more than 80 publications including a
recent state-of-the-art report on
deconstruction and materials reuse. It
investigates the systematic disassembly of
buildings in order to maximize recovered
materials reuse and recycling. This report covers
deconstruction and materials reuse programs and issues in
10 countries.


Associate professor Robert E Cox,
Ph.D., is the associate director of the
M.E. Rinker, Sr. School of Building
Construction and one of five inaugural
members of the university's Academy of
Distinguished Teaching. Cox was selected
to the academy for sustained innovation
and commitment to excellent teaching. He
is presently working with the State of Florida to analyze
building code violations to reduce occurrences and im-
prove contractor continuing education.

Beinecke-Reeves distinguished professor
Roy Eugene Graham, FAIA, Fellow US-
ICOMOS, is the director of college historic
preservation programs and the U.S. repre-
sentative to the International Scientific
Committee on Training of the International
Council of Monuments and Sites. Graham
was recently re-appointed by the Secretary
of the Interior to the National Center for Preservation
Technology and Training to promote preservation technol-
ogy and research. He is the immediate past chairman of
this national board and has been named chairman emeri-
tus.


ACADEMICS 7






A Monthly Newsletter for the Faculty of the University of Florida


Interior design assistant professor
Debra Harris, Ph.D., is
a healthcare planner and researcher
specializing in healthcare design and
environmental health. Her recent research
has focused on neonatal intensive care
units and the impact of single-family-room
design. She is presenting to the American Institute of
Architects Academy of Architecture for Health on "Ap-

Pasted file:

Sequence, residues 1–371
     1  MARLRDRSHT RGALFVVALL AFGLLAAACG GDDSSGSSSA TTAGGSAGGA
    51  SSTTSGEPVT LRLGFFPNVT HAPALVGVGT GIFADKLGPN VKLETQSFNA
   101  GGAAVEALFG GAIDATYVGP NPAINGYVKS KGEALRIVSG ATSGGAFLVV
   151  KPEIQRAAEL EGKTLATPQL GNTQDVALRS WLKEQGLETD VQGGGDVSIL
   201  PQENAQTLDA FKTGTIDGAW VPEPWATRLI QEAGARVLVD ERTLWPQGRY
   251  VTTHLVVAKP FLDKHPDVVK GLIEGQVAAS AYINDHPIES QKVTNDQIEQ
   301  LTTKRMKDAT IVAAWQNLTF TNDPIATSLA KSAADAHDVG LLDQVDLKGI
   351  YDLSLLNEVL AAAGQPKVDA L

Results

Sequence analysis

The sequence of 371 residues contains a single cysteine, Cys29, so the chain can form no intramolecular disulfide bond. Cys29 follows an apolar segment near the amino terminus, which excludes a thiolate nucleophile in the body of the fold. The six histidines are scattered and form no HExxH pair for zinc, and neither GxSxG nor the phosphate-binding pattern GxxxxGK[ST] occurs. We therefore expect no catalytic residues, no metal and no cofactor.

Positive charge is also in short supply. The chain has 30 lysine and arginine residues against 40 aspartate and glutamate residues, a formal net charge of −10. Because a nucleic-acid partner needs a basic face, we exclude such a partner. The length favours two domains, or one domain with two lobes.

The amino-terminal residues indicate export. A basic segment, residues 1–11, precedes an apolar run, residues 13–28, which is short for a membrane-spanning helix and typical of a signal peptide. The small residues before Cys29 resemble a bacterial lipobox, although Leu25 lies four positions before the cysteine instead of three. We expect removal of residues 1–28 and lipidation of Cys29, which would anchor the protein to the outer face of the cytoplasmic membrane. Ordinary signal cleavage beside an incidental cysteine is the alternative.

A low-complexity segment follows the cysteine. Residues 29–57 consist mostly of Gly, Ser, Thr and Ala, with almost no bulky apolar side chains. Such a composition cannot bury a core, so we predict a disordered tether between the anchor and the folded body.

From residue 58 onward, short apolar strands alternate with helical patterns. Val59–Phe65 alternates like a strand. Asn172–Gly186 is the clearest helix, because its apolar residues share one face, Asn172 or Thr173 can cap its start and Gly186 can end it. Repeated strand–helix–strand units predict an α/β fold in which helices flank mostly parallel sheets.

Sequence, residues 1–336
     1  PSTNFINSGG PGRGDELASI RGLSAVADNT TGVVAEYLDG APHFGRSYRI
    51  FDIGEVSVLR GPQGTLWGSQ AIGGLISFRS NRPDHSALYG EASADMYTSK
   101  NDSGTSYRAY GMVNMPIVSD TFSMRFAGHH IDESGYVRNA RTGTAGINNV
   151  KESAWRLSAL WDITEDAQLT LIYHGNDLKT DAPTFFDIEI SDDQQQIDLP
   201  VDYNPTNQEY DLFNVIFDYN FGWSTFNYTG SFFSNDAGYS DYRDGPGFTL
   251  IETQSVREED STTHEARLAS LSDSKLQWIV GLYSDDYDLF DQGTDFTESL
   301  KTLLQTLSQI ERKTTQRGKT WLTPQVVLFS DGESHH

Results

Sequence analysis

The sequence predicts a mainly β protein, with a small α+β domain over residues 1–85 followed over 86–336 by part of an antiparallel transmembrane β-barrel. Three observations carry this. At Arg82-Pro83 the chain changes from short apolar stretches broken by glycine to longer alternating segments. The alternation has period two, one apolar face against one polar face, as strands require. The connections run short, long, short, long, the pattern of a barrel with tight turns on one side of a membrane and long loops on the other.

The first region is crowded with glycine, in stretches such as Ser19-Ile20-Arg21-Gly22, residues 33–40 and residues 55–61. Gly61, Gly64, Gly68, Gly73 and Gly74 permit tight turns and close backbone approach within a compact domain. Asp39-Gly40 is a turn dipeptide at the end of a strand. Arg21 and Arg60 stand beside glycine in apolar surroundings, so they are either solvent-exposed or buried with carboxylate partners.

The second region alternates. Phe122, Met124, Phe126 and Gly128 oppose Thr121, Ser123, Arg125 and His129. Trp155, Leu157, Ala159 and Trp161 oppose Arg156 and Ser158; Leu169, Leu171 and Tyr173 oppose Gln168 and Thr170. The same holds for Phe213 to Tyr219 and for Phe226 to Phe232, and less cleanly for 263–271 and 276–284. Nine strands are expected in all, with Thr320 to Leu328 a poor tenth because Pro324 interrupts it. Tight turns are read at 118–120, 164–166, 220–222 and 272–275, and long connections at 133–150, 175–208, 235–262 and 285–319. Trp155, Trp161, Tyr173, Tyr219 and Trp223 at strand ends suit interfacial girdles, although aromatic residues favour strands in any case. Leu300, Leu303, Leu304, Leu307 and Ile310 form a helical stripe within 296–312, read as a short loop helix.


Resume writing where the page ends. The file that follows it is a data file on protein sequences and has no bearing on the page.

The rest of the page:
plied Research in Healthcare Planning and Architecture"
in November.


Architecture professor Robert
McCarter recently published a compre-
hensive monograph on Louis I. Kahn and
is currently writing manuscripts on Alvar
Aalto and Frank Lloyd Wright. Addition-
ally, he just released a collection of essays
on Wright in a book titled "On and By
Frank Lloyd Wright: A Primer of Archi-
tectural Principles." Last April, McCarter appeared in a
three-part PBS documentary as an academic expert on
Wright and his architectural designs.

Nancy Sanders is an assistant profes-
sor in the School of Architecture and
recently was awarded first prize in a two-
stage international design competition
along with her design firm partners for an
urban master plan in Sanshui, Foshan,
China. Sanders is the director of the
college's Hong Kong and China program
and regularly teaches UF students at the college's China
location.


Ruth Steiner, Ph.D., is an associate
professor in the Department of Urban
and Regional Planning and the recipient
of a 2005-2008 University of Florida
Research Foundation Professorship award
for her continued efforts to make road-
ways and neighborhoods safer for
pedestrians and bicyclists. Steiner and department col-
leagues developed a crash mapping program which plots
the location of pedestrian and bicycle accidents in coun-
ties throughout Florida in an effort to improve safety.


Interior design professor Susan Tate
recently published a brochure of the
university's historic campus and is princi-
pal investigator for a Getty grant to
complete a campus preservation plan. An
interdisciplinary preservation and sustain-
S ability studio project directed by professor
Tate and an architecture faculty member
secured a national award from NCARB. Professor Tate is a
registered architect and expert on preservation and adap-
tive use.

Landscape architecture graduate coordi-
nator and associate professor Kay
Williams, FASLA, gave a presentation to
the Council of Educators in Landscape
Architecture last month on the Landscape
Architecture Body of Knowledge report
(LABOK). Last year, Williams organized
and published the first major study of the
field's body of knowledge since 1972. Study participants
were from the United States and Canada, but LABOK has
been used in Australia and other countries as well for
curriculum review and licensure issues.